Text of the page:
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Silly Attack on Judicial Selection in Kansas



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In January Governor Brownback delivered his annual State of the State Address and called for an end to the state’s current method for selecting judges, the Missouri Plan. The state legislature took him up on the invitation and adopted a federal style of selection for court of appeals appointments. It was a great victory for those of us who are tired of watching the Missouri Plan facilitate capture of state supreme courts across the country.  

Now that the new process is kicking into gear, Missouri Plan advocates are throwing a conniption fit over the fact that Governor Brownback won’t publicly disclose the names of applicants for judicial vacancies.

Of all of the policy objections once could raise concerning the federal style of selection, this one strikes me as probably the silliest. And it seems especially silly coming from activists who prefer a method of selection (the Missouri Plan) that allows a handful of politically unaccountable lawyers to pick judges in secret.  

The new process being used for Kansas Court of Appeals appointments mirrors the advice-and-consent process set forth in the U.S. Constitution. I don’t recall any major advocacy organizations, in Kansas or elsewhere, calling on President Obama to make the names of his judicial applicants public. Similarly, I must be missing the Sturm und Drang resulting from the ABA’s failure to release their vetting materials for each potential nominee. To the contrary, it seems to me that virtually everyone in the legal community — on the right and the left — agrees that the confidentiality associated with the front end of the federal process is an asset rather than a liability.  

According to the American Bar Association’s Standing Committee on the Federal Judiciary:

The preservation of confidentiality is particularly critical with respect to the identity of individuals whom the President is considering nominating and whose names are provided to the Committee by the White House or the Department of Justice. . . . The Committee adheres to principles of nondisclosure and strict confidentiality because the nomination process is a presidential function, and the President should be able to obtain a confidential assessment of the professional qualifications of prospective nominees. Moreover, prospective nominees not ultimately nominated should be spared of any embarrassment that might result from disclosure of the evaluation.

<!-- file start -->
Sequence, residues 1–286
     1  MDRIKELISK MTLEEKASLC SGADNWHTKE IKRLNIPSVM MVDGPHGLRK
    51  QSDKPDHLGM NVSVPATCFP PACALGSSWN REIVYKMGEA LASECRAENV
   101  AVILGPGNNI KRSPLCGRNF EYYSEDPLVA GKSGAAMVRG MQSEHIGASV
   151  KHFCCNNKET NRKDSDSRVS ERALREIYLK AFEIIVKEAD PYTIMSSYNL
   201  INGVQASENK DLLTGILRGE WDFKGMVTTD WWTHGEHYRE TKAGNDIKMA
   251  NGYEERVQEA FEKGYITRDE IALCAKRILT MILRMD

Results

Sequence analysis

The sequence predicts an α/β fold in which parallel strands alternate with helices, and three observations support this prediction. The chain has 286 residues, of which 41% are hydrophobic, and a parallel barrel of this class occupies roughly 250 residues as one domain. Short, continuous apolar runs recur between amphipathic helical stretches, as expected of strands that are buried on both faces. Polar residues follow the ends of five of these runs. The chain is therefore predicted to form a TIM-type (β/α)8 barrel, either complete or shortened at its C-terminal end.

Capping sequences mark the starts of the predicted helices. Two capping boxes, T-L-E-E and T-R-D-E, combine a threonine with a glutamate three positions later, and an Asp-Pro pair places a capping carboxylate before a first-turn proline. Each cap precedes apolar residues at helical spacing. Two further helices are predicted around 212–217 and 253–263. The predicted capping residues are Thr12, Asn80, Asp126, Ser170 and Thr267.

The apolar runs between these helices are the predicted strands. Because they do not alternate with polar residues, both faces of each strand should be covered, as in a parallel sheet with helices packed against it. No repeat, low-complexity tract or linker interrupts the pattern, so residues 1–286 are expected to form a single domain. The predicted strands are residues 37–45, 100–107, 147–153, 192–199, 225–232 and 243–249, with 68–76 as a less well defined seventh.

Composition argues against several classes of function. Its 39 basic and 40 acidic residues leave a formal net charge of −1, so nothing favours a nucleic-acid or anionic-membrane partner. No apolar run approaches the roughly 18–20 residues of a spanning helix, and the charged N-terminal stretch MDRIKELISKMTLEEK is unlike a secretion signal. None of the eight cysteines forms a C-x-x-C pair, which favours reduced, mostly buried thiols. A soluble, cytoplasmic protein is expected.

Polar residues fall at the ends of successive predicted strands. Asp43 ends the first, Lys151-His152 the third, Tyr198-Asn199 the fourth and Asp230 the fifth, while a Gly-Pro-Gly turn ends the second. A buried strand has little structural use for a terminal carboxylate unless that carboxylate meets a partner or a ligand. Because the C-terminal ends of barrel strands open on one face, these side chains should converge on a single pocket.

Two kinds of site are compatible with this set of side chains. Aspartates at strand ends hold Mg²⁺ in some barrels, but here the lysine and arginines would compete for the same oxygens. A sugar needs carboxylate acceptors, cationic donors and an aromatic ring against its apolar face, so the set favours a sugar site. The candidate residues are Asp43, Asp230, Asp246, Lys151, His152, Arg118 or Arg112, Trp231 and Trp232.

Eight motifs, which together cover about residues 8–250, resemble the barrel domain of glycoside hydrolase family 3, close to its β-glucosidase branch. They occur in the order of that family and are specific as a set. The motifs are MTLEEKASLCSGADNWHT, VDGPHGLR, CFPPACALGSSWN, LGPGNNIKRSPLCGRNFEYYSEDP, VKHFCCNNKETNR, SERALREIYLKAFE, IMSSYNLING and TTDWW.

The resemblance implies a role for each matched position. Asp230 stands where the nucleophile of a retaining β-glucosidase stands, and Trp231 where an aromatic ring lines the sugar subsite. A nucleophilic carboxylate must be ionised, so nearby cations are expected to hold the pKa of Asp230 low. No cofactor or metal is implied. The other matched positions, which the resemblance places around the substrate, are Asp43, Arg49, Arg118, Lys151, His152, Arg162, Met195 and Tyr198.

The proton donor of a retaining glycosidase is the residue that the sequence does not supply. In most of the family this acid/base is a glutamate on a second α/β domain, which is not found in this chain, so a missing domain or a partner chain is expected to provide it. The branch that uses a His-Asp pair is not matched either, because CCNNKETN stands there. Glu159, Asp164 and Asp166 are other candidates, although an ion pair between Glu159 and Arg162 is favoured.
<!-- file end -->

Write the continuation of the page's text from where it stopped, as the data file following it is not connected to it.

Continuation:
Apparently none of that occurred to these Missouri Plan advocates, who seem perfectly at ease with the prospect that applicants might be embarrassed, lose clients, or face adverse employment decisions as a result of pursuing government service.  

The Soros-backed Justice at Stake and a partner organization named the “Institute for the Advancement of the American Legal System” are doing their best to promote all of the inane talking points being produced by Brownback’s critics, a task that probably has them breathless given the pace of the inanity.  

My favorite entry is by Liz Seaton, who, without a bit of irony, asserts that “if the governor doesn’t invoke transparency until he has picked a nominee, it would mean a huge step backward for fair courts in Kansas.” Got that? Huge. Second favorite by Malia Reddick: ”By supreme court rule, the nominating commission had made public the names of judicial applicants to encourage citizen scrutiny and input.”

Right.  Who can forget all that citizen scrutiny and input . . . which went into a circular file managed by whichever local personal-injury attorney ran things at the time. One could easily rewrite the sentence to say “King George made public his policy of imposing taxes upon his colonial subjects without their consent, to encourage scrutiny and input.” 

Jokes aside, the refusal to establish an independent judiciary was one of the complaints leveled against King George in the Declaration of Independence. And when seeking to establish such a branch in the new Republic, Alexander Hamilton argued in Federalist 76 that:

The sole and undivided responsibility of one man will naturally beget a livelier sense of duty and a more exact regard to reputation. He will, on this account, feel himself under stronger obligations, and more interested to investigate with care the qualities requisite to the stations to be filled, and to prefer with impartiality the persons who may have the fairest pretensions to them.

And through their role in the confirmation process — a genuinely transparent process — Kansas legislators will be able to provide what Hamilton described as “an excellent check upon a spirit of favoritism” in the chief executive, tending “greatly to prevent the appointment of unfit characters from State prejudice, from family connection, from personal attachment, or from a view to popularity.”

Governor Brownback has the distinction of having served in the U.S. Senate, participating directly in that process Hamilton described, and at one time playing a key role in scuttling one of President Bush’s Supreme Court nominees. He knows a thing or two about accountability and transparency in judicial selection, and I wouldn’t expect him to succumb to this half-witted intimidation campaign. 



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